Defense contractors, manufacturers targeted with malware-as-a-service infostealer
Information stealing FormBook malware is being lobbed at defense contractors, manufacturers and firms in the aerospace sector in the US and South Korea.
The malware is delivered via high-volume spam campaigns and email attachments that take the form of:
- DOC/XLS files loaded with malicious macros that initiate the download of FormBook payloads
- Archive files containing FormBook executable files
- PDFs containing links to the tny.im URL-shortening service, which point to FormBook executables hosted on a staging server.
The emails are made to look like they are coming from FedEx and DHL (with the PDF attachment), as emails delivering invoices, price quotations or purchase orders (with the malicious-macros-carrying Office files), and payment confirmations and purchase orders (archive files containing malicious executables).
About the malware
“FormBook is a data stealer and form grabber that has been advertised in various hacking forums since early 2016,” FireEye researchers noted.
The malware injects itself into various processes and installs function hooks to log keystrokes, steal clipboard contents, and extract data from HTTP sessions.
It can execute commands from a C&C server, which include updating and removing itself, downloading and executing additional files, rebooting or shutting down the compromised system, clearing browser cookies, and more. It is also capable of taking screenshots, and grabbing passwords from browsers and email clients (Chrome, Firefox, IE, Opera, Thunderbird, Outlook).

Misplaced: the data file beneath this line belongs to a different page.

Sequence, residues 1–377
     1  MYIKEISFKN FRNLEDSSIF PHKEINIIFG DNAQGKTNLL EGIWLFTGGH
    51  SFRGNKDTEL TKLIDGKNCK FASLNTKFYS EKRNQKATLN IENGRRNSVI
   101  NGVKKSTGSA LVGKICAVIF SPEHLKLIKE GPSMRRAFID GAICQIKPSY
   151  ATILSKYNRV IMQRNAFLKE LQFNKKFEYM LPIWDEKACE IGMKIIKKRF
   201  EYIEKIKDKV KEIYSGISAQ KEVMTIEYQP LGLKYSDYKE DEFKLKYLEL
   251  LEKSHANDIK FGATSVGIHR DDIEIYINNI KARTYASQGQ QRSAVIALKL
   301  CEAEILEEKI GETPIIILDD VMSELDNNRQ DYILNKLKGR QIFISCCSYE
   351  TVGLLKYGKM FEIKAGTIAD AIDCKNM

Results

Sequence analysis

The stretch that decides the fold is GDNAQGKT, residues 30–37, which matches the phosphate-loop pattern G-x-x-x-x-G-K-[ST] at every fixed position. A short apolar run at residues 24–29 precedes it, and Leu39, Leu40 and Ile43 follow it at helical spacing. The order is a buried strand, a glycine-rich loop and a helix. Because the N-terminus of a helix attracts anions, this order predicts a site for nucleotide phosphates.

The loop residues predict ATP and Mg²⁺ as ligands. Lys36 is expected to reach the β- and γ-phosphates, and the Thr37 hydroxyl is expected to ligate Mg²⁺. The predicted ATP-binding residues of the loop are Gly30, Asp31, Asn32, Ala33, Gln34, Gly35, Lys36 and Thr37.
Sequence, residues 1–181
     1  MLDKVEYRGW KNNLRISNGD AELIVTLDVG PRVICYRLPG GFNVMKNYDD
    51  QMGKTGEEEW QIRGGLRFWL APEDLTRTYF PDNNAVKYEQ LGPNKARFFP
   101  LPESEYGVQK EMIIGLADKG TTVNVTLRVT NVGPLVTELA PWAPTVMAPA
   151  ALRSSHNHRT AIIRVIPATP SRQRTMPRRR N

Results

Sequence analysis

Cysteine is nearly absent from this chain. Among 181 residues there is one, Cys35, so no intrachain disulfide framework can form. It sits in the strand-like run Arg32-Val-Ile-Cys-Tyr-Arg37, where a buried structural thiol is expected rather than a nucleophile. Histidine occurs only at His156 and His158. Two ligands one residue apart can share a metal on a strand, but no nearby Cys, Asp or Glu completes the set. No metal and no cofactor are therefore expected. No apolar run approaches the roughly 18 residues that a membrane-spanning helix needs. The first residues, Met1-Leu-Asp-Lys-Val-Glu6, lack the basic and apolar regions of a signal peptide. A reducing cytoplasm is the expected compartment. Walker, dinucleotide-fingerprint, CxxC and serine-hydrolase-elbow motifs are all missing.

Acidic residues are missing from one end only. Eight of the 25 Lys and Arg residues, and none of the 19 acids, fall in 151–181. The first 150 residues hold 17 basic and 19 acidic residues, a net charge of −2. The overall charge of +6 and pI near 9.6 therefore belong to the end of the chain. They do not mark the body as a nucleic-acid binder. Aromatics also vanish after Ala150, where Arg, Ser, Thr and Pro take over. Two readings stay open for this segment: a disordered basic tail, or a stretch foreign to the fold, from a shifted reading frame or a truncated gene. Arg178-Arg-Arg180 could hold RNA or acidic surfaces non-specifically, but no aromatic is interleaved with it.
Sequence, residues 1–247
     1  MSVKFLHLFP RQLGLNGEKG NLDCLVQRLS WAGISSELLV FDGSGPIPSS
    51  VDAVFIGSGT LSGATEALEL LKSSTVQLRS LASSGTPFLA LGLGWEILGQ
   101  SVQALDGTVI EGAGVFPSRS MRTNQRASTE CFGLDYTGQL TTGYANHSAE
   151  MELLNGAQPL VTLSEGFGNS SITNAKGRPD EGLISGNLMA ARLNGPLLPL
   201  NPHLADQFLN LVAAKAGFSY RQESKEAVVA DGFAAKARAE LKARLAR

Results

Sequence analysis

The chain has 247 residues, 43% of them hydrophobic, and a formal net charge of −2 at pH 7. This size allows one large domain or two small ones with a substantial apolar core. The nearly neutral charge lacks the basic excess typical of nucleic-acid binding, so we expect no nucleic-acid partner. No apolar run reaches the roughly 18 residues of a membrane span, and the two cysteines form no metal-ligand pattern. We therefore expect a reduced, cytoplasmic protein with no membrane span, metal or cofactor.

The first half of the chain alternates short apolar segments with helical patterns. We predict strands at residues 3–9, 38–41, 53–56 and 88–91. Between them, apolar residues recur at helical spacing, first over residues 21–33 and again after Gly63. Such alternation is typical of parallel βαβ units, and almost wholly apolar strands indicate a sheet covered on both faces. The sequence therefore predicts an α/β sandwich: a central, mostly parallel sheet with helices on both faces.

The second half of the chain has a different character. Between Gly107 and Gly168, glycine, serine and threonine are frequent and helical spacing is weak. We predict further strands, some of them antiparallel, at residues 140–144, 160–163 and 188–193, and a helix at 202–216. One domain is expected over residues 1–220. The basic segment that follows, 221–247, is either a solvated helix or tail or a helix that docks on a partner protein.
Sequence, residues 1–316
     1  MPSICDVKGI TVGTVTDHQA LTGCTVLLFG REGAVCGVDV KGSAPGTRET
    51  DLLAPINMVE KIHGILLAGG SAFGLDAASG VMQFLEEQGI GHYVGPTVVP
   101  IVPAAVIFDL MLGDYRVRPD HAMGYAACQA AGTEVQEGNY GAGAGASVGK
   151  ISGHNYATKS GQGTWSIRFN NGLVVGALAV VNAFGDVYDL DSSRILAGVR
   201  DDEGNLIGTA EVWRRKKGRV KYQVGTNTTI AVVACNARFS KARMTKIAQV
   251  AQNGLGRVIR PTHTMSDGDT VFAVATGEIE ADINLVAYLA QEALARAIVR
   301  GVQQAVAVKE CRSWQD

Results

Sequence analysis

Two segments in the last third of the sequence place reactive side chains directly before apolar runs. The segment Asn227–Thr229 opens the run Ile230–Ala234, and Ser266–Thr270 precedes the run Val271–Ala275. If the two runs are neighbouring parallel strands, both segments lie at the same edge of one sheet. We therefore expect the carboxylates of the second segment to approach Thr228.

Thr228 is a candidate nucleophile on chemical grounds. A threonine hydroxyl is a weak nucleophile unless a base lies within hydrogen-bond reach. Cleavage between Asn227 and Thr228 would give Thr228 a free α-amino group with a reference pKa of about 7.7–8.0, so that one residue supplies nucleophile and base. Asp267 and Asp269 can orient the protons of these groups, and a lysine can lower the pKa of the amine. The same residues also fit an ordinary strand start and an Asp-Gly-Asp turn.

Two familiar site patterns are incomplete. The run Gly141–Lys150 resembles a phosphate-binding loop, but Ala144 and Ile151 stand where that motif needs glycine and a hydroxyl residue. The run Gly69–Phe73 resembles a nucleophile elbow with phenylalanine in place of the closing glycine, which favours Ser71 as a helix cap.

It apparently works on all Windows versions, it’s not prone to crashing, and has considerable persistence and anti-malware analysis capabilities. Its communication with the C&C server is encrypted.
“The malware author does not sell the builder, but only sells the panel, and then generates the executable files as a service,” the researchers explained.
The ads show how costly its use is (i.e. not that costly):
“While FormBook is not unique in either its functionality or distribution mechanisms, its relative ease of use, affordable pricing structure, and open availability make FormBook an attractive option for cyber criminals of varying skill levels,” the researchers concluded.
“In the last few weeks, FormBook was seen downloading other malware families such as NanoCore. The credentials and other data harvested by successful FormBook infections could be used for additional cyber crime activities including, but not limited to: identity theft, continued phishing operations, bank fraud and extortion.”